It can help reduce the amount of “communication overhead”
Osmotic communication effectively reduces communication overhead, as it allows people to quickly and easily exchange information without having to use words or time. For instance, having to set up a meeting to discuss a topic can be avoided by a simple memo or email that already explains certain processes or information that need to be relayed.
Virtual Osmotic Communication
With the growth of technology and remote teams worldwide, we may not realize it, but we have already been doing a lot of osmotic communication.
For example, when utilizing productivity tools like Asana, Slack, and Discord. Any discussions you may set in a public chat group or thread can be a form of osmotic communication.
Or if you’ve copied on an email thread but don’t have time to read through all the messages, you might still absorb some helpful information simply by having the emails in your inbox.
Topics are discussed where various team members can read and catch up at their own pace. The virtual workspace has made osmotic communication easier in many ways.
Examples of Osmotic Communication Agile
Osmotic Communication has a special place in agile communciation. In fact, it was first coined by one of the founders of Agile, Alistair Cockburn.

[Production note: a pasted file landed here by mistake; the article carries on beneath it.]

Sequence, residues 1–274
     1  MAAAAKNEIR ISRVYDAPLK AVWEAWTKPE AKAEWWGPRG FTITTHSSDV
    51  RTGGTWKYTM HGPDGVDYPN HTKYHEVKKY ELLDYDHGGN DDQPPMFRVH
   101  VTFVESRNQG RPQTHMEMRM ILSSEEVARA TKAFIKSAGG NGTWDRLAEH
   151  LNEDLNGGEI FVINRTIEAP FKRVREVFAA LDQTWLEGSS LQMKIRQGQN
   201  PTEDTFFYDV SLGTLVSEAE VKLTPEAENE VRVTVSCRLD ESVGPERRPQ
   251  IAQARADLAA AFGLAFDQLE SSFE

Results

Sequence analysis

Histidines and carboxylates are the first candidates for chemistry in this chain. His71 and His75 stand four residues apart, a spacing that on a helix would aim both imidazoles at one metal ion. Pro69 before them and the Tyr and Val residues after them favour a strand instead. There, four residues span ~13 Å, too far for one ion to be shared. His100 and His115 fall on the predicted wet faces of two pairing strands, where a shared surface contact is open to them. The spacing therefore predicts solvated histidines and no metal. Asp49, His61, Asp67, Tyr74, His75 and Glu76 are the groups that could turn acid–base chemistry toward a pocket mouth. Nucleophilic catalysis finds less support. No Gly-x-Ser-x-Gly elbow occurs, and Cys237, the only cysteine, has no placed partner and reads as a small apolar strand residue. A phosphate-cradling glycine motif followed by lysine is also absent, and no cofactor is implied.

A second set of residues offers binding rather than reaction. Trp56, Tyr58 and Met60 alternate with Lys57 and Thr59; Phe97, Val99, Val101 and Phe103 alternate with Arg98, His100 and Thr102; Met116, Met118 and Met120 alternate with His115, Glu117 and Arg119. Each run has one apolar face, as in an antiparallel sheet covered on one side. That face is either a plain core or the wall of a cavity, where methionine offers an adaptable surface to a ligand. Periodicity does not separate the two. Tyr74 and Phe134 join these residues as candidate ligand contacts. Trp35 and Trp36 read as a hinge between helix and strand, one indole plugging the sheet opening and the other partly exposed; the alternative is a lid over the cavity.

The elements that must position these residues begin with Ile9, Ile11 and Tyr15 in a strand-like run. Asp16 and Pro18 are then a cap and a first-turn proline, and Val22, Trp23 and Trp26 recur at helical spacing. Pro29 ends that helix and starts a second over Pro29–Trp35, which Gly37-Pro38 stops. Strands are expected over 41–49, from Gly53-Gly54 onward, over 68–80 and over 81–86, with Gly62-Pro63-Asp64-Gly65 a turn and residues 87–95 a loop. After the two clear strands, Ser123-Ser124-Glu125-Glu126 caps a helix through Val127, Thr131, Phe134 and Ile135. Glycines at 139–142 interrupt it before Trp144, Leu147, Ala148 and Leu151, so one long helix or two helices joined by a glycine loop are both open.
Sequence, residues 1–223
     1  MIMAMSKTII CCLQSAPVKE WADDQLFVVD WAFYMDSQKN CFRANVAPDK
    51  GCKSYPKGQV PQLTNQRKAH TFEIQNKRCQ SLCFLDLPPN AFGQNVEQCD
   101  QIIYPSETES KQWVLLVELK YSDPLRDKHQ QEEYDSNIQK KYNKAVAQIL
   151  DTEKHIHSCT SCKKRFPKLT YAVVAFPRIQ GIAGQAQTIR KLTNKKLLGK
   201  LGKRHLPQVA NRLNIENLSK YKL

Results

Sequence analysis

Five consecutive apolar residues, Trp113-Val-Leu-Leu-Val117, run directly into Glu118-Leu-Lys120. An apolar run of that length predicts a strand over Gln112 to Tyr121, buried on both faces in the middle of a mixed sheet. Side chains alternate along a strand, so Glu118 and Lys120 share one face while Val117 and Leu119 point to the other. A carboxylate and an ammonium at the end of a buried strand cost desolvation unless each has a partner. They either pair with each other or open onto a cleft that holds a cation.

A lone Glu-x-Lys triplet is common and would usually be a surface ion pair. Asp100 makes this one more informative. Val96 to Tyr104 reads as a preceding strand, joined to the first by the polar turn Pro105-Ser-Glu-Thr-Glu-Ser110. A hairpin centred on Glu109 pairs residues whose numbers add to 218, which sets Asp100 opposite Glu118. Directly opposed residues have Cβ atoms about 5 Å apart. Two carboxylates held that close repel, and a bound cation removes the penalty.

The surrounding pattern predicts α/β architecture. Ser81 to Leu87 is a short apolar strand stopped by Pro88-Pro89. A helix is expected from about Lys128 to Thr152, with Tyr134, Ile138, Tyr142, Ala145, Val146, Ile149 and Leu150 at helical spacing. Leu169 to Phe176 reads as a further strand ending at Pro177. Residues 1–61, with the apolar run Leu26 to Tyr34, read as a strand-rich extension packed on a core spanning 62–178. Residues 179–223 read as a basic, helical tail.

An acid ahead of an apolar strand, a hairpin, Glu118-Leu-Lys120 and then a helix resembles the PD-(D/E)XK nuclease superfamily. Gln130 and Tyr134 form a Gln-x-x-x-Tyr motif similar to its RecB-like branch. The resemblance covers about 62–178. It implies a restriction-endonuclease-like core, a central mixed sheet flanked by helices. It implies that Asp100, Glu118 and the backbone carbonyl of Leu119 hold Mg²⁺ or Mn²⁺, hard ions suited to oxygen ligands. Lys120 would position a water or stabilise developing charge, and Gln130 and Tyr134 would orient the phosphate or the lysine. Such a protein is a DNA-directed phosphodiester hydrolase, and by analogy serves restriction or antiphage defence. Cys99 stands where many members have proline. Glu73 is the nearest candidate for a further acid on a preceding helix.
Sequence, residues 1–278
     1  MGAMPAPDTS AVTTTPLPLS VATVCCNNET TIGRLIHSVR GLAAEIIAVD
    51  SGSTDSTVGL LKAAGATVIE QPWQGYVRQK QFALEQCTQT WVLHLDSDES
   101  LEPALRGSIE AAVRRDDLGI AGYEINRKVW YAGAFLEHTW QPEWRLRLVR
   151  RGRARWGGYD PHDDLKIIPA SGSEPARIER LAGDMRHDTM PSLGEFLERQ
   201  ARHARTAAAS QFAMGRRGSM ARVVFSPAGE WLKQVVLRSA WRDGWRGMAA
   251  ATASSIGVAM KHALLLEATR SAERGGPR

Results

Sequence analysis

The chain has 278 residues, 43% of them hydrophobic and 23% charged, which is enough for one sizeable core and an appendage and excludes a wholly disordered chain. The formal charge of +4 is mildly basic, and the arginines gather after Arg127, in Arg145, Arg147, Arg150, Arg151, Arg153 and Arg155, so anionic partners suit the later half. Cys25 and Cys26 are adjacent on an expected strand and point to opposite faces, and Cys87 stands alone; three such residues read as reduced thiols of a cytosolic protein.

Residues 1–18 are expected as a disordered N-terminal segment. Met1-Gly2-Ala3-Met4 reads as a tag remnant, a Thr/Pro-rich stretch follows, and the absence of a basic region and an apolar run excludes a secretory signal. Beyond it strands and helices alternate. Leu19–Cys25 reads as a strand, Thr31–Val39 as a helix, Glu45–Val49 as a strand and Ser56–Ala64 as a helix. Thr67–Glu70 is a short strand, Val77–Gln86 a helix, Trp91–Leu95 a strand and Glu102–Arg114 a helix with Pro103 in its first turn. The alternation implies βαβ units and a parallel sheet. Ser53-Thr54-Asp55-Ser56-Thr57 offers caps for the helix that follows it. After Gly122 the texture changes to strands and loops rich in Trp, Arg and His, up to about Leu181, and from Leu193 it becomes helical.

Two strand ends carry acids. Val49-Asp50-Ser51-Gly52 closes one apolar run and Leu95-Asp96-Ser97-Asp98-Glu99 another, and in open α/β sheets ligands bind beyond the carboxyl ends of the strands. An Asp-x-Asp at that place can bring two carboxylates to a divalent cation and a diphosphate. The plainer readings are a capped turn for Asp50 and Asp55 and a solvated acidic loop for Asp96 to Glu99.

Agile teams are some of the best utilizers of osmotic communication because the work areas are designed for it, the team is usually co-located, and the goal is constant communication
Maximizing osmotic communication in your workplace is not rocket science. You can take a few simple steps, whether on-site or online, no matter what your current setup is. Here are a few things you can do:
Encourage physical proximity
If possible, arrange desks so that team members sit close to one another. It makes it more likely that they’ll overhear relevant conversations and be able to contribute meaningfully. Physically having a dedicated team space with a whiteboard helps people quickly swarm and solve issues and visualize work.
For example, in a typical agile setup, there is a workspace with all the information needed for the team to do their job within arms reach. It includes product backlog, burndown charts, task boards, etc. This way, team members can quickly and easily see what needs to be done and provide input independently without having to wait for a meeting or update.
Make use of chat tools